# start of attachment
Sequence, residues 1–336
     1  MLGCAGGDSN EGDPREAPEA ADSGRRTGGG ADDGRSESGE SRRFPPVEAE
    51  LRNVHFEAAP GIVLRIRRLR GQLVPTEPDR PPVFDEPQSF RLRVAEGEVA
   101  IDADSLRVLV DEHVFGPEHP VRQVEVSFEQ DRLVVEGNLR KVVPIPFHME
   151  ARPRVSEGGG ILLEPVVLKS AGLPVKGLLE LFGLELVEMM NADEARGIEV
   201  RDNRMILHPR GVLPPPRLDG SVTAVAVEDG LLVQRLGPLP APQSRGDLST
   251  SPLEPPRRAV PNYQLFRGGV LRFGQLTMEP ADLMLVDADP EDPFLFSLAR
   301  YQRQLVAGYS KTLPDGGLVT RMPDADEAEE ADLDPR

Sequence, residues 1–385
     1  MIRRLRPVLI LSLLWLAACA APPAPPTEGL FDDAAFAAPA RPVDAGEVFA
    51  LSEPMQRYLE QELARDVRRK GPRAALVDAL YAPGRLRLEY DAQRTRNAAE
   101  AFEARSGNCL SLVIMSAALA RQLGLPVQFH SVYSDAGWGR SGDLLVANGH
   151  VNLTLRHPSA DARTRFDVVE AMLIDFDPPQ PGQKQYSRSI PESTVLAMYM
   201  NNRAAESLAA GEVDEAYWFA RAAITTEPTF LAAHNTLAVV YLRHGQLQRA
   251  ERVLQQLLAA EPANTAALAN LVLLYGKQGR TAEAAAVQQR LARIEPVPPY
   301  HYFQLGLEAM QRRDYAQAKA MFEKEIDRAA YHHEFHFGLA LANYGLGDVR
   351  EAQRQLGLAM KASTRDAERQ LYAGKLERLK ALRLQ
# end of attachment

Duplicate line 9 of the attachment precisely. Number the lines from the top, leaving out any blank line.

Sequence, residues 1–385